Satellite Telecommunications

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  • Topic: Satellite, Communications satellite, Geosynchronous orbit
  • Pages : 14 (3926 words )
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  • Published : October 5, 2005
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Satellite Telecommunications
Network and Telecommunications Concepts 360
September 11, 2005

Table of Contents


•Satellite Communications History

•Sputnik Changed Everything

•America's Response

•Future Trends in Satellite Communications

•GEO vs. LEO

•Bent-Pipe Satellite Relay vs. the Switch in the Sky

•Companies Involved in Satellite Communications

•Regulatory Issues in Satellite Communications

•Global implications for the area


•Figure 1-1 – Satellite System Diagram



Telecommunications was forever changed when the then Soviet Union launched Sputnik, the first satellite to orbit the Earth. Since that first launch back in 1957 the telecommunication industry has exploded. So what it is a satellite and what can it do for us? What is the technology involved in making Satellites? What trends will we see in the telecommunications industry because of satellites? Who uses satellites? Are there regulatory issues concerning the use of satellites, and what are the global implications of using satellites? These are some of the issues that are common when people discuss the use of satellites, so throughout this paper we will try to thoroughly answer those questions and hopefully provide a better understanding of satellites and what they can do for us.

Before we venture in the world of satellite communication, let's get a clear understanding of what a satellite is. A satellite is an object that orbits another object. It could either be a natural object like the moon or it can be a technological device that is man made. For the purpose of this paper we will be discussing the man made satellites. Satellites are used for things like sending and receiving television signals. The television signal is sent from Earth to a satellite, and then it is rebroadcast to multiple locations back on Earth. Satellites are also used for sending and receiving telephone, fax, and computer communications. Because of these satellites we are capable of communicating with anyone in the world. Satellites are also used for observing activity on Earth. The Military uses satellites for things like locating the enemy or guiding missiles. The National Weather Service uses satellites to track storms. A perfect example was their ability to track Hurricane Katrina, just think of how much worse the storm could have been if satellite images were not available to give warnings of such horrible storms. Satellites are also used for taking pictures of the Earth. Scientists use these images to determine changes happening with the planet and its ecosystem. These are just some of the things that having the ability to orbit man made satellites offers us here back on Earth.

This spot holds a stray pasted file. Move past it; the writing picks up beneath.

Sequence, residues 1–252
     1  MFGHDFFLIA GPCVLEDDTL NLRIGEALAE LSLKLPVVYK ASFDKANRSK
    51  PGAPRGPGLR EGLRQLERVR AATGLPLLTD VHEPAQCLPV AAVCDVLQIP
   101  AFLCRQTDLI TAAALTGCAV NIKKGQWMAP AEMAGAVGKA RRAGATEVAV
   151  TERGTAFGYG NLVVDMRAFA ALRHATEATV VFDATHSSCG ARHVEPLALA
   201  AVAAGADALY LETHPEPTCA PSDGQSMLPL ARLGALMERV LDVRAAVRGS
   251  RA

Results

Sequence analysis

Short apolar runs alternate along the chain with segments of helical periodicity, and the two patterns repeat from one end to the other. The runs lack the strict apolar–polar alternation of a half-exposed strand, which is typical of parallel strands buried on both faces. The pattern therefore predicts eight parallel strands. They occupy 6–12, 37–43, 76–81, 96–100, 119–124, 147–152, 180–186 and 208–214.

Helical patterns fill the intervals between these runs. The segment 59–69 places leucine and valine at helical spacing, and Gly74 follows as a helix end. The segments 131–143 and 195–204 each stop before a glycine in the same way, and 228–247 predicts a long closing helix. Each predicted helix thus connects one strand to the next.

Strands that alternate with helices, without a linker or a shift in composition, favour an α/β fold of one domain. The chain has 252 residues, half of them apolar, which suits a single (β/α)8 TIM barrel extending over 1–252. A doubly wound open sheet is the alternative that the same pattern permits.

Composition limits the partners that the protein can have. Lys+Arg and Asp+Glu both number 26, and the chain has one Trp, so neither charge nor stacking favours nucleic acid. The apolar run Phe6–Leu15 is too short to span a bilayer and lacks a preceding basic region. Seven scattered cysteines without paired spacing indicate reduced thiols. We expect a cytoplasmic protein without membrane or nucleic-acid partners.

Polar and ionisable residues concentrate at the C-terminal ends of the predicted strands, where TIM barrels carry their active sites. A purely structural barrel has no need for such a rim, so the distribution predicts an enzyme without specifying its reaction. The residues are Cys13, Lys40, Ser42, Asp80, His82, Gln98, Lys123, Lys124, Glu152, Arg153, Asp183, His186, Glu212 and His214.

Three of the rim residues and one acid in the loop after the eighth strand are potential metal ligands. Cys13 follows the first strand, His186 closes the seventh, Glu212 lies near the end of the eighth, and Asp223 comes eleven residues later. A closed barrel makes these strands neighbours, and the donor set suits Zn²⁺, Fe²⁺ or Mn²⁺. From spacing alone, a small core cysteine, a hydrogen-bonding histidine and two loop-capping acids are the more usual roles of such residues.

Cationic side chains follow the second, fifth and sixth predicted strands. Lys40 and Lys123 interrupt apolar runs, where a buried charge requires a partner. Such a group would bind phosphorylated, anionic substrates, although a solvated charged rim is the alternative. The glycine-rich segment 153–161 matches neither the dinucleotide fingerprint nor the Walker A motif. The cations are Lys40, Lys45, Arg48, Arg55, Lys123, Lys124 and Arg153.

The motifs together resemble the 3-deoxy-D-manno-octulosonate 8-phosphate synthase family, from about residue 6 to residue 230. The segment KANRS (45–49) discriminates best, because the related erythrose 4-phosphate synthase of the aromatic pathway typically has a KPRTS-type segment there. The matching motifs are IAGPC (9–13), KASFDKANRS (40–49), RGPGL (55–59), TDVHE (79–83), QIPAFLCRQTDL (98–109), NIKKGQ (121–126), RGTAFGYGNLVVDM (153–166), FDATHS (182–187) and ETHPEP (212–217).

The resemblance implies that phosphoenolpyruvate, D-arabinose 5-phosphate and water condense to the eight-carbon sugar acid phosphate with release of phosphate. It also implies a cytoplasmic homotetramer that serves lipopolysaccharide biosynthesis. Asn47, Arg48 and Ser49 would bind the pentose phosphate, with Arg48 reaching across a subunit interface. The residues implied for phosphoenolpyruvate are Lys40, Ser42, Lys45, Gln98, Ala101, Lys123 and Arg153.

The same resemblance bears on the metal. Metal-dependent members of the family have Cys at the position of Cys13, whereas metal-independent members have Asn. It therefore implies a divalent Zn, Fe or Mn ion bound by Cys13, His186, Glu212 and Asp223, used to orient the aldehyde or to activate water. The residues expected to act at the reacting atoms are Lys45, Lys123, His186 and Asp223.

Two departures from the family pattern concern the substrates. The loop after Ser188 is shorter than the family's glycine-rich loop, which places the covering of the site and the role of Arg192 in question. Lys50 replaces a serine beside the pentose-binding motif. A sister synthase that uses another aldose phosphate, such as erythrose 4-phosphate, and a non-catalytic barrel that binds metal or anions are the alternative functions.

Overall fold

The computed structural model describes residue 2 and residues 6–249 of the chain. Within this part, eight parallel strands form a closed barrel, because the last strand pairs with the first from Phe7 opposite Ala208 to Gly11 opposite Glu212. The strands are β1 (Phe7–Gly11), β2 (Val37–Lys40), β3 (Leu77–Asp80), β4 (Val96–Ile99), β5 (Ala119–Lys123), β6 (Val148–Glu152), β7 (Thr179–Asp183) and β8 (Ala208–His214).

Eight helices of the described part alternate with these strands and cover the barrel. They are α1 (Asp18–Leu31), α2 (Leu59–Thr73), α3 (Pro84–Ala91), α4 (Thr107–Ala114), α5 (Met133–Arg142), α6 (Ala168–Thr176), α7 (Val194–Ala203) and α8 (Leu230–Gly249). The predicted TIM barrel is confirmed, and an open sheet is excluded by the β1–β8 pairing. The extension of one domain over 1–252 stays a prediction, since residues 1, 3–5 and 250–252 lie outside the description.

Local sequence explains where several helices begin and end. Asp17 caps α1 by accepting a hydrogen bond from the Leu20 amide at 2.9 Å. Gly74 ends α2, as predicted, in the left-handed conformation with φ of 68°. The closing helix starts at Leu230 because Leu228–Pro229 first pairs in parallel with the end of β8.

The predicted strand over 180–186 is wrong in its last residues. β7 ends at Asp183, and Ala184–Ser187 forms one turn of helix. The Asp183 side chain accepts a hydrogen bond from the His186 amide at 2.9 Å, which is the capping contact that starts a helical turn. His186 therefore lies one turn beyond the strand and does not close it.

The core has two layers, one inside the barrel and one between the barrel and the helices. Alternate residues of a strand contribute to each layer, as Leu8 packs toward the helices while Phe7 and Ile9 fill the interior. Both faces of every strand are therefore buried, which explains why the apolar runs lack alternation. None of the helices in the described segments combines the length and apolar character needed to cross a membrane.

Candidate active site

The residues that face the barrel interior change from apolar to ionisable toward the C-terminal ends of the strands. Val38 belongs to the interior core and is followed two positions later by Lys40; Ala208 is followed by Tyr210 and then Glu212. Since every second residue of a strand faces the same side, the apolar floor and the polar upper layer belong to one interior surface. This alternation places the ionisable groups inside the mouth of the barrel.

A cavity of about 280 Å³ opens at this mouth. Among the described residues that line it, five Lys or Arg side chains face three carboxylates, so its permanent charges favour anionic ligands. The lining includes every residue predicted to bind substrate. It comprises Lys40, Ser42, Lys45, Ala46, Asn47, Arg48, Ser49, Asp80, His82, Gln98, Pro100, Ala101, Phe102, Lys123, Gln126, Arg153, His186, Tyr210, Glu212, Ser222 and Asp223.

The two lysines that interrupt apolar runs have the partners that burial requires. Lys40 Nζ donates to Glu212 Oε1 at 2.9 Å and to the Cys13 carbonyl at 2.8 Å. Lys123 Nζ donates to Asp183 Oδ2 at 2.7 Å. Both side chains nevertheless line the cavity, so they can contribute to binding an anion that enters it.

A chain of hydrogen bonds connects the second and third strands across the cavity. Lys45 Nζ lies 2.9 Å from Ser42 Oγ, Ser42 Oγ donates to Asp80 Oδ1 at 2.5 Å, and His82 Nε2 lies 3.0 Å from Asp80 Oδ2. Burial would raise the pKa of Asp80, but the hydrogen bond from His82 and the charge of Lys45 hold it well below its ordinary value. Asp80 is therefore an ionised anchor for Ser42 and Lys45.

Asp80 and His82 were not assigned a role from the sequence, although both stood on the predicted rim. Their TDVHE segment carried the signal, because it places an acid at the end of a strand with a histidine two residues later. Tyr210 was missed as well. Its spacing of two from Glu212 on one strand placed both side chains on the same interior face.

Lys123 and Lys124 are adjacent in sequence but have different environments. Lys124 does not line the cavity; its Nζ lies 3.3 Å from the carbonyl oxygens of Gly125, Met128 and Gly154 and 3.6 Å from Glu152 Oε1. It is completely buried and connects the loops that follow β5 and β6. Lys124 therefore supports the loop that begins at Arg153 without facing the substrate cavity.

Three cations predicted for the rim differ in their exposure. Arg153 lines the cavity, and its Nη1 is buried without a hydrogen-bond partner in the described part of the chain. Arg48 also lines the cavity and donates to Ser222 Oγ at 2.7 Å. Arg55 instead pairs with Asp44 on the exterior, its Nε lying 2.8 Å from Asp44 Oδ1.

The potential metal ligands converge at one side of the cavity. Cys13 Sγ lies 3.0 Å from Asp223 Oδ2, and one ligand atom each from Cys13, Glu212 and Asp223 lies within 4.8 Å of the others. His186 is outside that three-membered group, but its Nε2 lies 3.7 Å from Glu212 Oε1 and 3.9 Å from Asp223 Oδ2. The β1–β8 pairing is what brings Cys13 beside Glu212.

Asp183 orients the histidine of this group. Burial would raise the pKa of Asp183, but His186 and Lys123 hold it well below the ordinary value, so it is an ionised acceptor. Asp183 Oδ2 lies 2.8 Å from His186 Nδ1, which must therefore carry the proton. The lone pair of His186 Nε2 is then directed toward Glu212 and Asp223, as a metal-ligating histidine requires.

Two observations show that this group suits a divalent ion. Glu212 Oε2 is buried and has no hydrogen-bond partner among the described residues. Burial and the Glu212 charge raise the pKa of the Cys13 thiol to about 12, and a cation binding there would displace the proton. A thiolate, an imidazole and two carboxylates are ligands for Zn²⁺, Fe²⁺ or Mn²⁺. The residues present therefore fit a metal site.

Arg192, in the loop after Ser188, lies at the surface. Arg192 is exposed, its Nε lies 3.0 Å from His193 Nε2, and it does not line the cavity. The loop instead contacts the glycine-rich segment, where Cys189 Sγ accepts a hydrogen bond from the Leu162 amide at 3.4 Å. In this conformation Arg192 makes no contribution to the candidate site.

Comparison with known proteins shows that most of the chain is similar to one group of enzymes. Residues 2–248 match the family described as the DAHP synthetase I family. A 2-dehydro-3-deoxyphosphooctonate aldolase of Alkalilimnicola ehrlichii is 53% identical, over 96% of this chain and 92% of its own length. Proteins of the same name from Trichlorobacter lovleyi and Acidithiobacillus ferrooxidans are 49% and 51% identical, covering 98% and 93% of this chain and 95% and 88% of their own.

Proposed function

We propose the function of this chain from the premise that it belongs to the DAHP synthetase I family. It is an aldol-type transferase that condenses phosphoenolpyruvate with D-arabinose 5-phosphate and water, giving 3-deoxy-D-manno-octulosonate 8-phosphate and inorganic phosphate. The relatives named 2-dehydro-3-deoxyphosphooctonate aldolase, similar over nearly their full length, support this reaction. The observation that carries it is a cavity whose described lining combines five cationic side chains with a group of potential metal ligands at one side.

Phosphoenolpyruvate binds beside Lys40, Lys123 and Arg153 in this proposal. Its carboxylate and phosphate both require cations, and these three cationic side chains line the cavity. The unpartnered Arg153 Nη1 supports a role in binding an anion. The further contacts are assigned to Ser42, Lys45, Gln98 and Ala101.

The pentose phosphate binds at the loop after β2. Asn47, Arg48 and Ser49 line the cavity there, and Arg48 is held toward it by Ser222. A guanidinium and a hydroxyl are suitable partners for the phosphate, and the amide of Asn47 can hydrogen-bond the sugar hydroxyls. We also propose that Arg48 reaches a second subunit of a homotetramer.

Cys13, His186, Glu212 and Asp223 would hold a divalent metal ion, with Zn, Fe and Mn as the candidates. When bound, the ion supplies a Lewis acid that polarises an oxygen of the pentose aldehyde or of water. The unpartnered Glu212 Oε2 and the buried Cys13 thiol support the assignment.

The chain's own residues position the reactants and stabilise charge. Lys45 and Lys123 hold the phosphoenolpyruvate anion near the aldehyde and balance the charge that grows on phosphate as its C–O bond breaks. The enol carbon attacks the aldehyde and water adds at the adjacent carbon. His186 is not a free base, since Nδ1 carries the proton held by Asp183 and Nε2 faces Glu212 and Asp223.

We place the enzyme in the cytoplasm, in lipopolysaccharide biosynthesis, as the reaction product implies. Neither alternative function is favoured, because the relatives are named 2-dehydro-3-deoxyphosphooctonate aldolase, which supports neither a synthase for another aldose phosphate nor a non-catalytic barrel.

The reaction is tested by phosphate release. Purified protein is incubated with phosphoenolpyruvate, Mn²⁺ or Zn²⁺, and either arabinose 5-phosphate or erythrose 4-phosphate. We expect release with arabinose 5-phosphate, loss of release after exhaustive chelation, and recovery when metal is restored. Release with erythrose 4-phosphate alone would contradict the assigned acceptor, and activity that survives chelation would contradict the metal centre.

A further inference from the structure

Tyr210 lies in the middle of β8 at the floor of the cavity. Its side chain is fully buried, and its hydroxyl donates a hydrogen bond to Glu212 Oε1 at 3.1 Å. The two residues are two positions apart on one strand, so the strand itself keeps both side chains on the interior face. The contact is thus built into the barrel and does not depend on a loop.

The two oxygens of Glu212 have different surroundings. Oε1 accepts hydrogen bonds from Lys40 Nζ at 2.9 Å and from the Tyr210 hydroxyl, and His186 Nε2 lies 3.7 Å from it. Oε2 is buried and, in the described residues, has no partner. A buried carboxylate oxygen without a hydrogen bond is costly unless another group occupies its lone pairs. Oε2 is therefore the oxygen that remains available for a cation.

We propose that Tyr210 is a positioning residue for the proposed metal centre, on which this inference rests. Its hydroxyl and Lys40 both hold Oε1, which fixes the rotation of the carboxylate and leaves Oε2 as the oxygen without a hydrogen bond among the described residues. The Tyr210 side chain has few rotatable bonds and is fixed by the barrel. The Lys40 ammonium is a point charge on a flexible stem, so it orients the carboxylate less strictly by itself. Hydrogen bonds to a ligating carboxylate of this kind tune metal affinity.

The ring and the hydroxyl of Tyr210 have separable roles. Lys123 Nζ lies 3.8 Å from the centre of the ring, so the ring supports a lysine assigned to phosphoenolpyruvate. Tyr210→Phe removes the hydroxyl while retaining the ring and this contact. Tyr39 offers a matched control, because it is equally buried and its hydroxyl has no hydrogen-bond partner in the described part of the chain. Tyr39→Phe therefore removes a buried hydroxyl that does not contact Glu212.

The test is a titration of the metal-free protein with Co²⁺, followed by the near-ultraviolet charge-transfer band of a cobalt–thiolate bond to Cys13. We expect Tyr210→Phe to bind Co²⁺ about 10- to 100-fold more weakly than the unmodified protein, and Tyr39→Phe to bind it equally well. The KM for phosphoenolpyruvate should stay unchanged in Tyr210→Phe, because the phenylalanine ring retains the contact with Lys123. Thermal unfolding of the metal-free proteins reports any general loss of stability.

Satellite Communications History
Sputnik Changed Everything

July 1957 – December 1958 was to be the high-point in the eleven year cycle of sunspot activity. To take advantage of the once-in-a-decade-plus opportunity, Lloyd Berkner, of the International Council of Scientific Unions (ICSU) proposed in 1952 a series of global geophysical activities.

In March of 1953, the NAS appointed a US National Committee to oversee US participation in the IGY. The US program included investigations of aurora and airglow, cosmic rays, geomagnetism, glaciology, gravity, the ionosphere, determinations of longitude and latitude, meteorology, oceanography, seismology, solar activity, and the upper atmosphere. In connection with upper atmosphere research, the US undertook to develop an orbiting satellite program. It was from the IGY rocket and satellite research that the US developed its space program -- with the advice of the NAS Space Science Board. (NASA, 2005)

In October 1954, the ICSU called for the launching of artificial satellites to assist in mapping of the Earth's surface. In July 1955, the White House made it's plans for the Vanguard satellite known to the...
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